Douglas T. Linde

So at the Hancock Tower, we are probably a significant amount. I'm not going to -- I really don't want to give a percentage because we're leasing space right now, on higher than what our underwriting was. Particularly, with the higher portions of the building. And by higher portions, I'm defining that as floors 20 through 60. So the vast majority of the space. And we are probably right on line with what we were thinking about with regards to the lower rise portions of the building, which are floors that we're going to call 2 through 17. Out at Bay Colony, we are, I'd say, probably 10% light in terms of where we thought where the rents would be with regard to the space at the bottom of the building. In other words, the non-view space. And we're probably 15% above where we expect the space to be in the better portions of the building. So it's sort of, I'd say, we're right on target sort of on an average basis because about half of the space is the third and fourth floors, and half of the space is the first and second floors. The thing that's going to be the -- I think that's the most disappointing from our perspective is taking us a little bit longer to get to where we are on Bay Colony in terms of getting our redevelopment work going. We would have liked to be under construction in June of this year. And we literally just started -- completed our bidding of the first building redevelopment and are underway as we speak. And we're actually replacing the glass, which we didn't expect to do, but we found a very economical way to do it to bring floor-to-ceiling glass on 2 of the floors on one of the buildings. And so we think that when people finally see what's there, they're going to be wowed by what the environment is. We are trying to change the profile of that building to market to tenants who are 25,000, 35,000, 55,000, 100,000 200,000 square feet as opposed to 5s and 10s and 15s, which is what the building -- those buildings have become. And so those tenants tend to be a little bit further out of -- in front of what their space requirements are. Although in suburban Boston, it's sort of 9 to 12 months. It's not 18 months to 2 years. So we're hopeful that were going to get some leases done in 2012. We may not have rent commence until the end of the year or early 2013.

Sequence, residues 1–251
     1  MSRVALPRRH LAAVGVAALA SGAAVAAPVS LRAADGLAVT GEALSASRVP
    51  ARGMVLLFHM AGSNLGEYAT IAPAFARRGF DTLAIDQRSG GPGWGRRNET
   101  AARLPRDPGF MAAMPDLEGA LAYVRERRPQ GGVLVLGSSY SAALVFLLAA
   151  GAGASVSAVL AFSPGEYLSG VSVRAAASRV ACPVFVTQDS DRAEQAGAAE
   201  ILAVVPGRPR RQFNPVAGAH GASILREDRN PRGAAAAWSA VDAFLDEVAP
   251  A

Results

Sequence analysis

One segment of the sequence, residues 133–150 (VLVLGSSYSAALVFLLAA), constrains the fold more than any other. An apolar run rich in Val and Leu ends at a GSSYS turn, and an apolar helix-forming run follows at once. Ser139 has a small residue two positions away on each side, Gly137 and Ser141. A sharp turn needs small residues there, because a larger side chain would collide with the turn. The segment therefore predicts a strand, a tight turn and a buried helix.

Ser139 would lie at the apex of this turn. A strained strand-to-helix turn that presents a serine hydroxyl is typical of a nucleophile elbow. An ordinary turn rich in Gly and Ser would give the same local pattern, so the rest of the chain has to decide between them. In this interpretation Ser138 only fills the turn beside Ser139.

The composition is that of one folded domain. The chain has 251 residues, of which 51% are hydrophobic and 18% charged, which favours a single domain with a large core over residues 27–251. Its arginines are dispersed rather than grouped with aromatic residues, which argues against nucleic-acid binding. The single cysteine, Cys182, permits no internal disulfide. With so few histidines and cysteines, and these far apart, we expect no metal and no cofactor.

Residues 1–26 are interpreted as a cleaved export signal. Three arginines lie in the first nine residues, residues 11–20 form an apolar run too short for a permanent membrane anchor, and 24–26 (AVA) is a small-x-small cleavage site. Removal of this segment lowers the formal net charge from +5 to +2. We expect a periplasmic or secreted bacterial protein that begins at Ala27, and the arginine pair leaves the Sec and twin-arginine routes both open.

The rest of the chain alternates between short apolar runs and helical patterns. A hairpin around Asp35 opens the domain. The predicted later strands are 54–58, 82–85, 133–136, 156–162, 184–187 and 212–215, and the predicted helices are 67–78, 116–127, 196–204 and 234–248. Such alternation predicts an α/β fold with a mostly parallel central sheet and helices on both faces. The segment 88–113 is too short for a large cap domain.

Mortimer B. Zuckerman

This is Mort. Let me add one other comment on that whole issue of acquisitions. I think you probably have understood that we basically are looking for buildings that have the quality to be long-term real value for us. And that means there are going to be occasions where we will -- we are willing accept the lower late in return in the shorter term because we see it as a great long-term hold. And that's going to continue to be a part of our acquisition strategy. So do not get the feeling that we are necessarily or totally precluded from the acquisition market because that is not the case. But it is the case that we are going to concentrate as we always have on buildings that we think have longer-term value. And these are the best buildings in the markets that we are in, and that's still what we're going to concentrate on and focus on.